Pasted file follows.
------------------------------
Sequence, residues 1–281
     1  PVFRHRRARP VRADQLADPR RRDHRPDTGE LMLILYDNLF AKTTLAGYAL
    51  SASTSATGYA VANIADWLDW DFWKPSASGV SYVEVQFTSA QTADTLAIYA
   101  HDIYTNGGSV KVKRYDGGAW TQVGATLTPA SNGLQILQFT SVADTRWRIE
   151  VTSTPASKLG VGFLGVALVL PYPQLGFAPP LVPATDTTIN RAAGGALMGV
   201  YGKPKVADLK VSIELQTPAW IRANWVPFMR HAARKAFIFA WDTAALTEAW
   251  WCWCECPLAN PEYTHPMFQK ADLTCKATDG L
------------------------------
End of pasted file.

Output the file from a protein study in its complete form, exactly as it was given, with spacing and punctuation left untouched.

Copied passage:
Sequence, residues 1–281
     1  PVFRHRRARP VRADQLADPR RRDHRPDTGE LMLILYDNLF AKTTLAGYAL
    51  SASTSATGYA VANIADWLDW DFWKPSASGV SYVEVQFTSA QTADTLAIYA
   101  HDIYTNGGSV KVKRYDGGAW TQVGATLTPA SNGLQILQFT SVADTRWRIE
   151  VTSTPASKLG VGFLGVALVL PYPQLGFAPP LVPATDTTIN RAAGGALMGV
   201  YGKPKVADLK VSIELQTPAW IRANWVPFMR HAARKAFIFA WDTAALTEAW
   251  WCWCECPLAN PEYTHPMFQK ADLTCKATDG L